Officials celebrate continued development in Ironton
IRONTON – Months after the Holiday Inn Express and the Frisch’s Big Boy restaurant opened, local officials marked the grand opening of the Gateway Centre, a project that has provided 70 jobs to Ironton and could provide another 70 to 90 jobs during its second phase.
The $10 million project to bring the hotel and restaurant to South 9th Street has provided 70 full-time equivalent jobs, said Bill Dingus, executive director of the Lawrence Economic Development Corporation.
“We’re on the edge of having two more” businesses locating in the Gateway Centre area, which includes the former Ohio National Guard Armory and property along the north side of South 9th Street, Dingus said. “We expect to have 150 jobs here.”
The hotel and restaurant opened last year, but Tuesday was the first time all the principals could get together for a ribbon-cutting for the three-story, 79-room hotel and the adjacent restaurant. More than 100 people attended.
“We’re pleased with the results so far,” said Mike Holtz, developer for the hotel project. His company has built about 35 motels in Ohio and 200 across the country, he said.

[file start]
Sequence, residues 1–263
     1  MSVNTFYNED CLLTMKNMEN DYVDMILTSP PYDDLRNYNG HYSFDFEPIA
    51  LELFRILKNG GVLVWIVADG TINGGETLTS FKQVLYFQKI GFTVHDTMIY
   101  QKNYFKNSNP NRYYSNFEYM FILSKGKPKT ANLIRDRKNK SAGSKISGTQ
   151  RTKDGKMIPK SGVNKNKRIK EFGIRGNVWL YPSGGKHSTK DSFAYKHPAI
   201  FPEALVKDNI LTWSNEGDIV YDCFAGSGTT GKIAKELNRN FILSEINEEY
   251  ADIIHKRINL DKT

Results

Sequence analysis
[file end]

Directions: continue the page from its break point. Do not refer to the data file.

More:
“The community was critical to our success,” he said. “We’re proud to be part of Ironton and Lawrence County.”
Holtz worked on the project with local officials for five years before it moved forward.
“We’ve been open six months,” Holtz said. “We’ve been sold out several times.”
Four local entities worked to make the project happen, Dingus said. They were the Ironton Port Authority, the Lawrence County Port Authority, the Ironton-Lawrence County Area Community Action Organization and the Lawrence Economic Development Corporation.
“The economy was tanking,” Dingus said. “Things weren’t moving forward, but Ironton needed a hotel.”
Developers went into debt, borrowing $1 million, to move the project forward, he said.
Jim Kratzenberg, a local developer, wanted to bring a Frisch’s back to Ironton, but the company wanted to see a hotel first, he said.
Ralph Kline, assistant executive director of the community action organization, helped secure a $500,000 community development block grant and a $150,000 Appalachian Regional Commission grant to assist with the project.
“We have to believe in Ironton,” Mayor Rich Blankenship said.
Ironton City Council agreed to close part of a street and an alley and helped put in the necessary infrastructure.
“It all came together,” Blankenship said. “We had to convince Holiday Inn and Frisch’s to believe in Ironton.”
The project includes a fountain and a kiosk including trails to the Wayne National Forest, Kline said.
From The Herald-Dispatch | June 3, 2015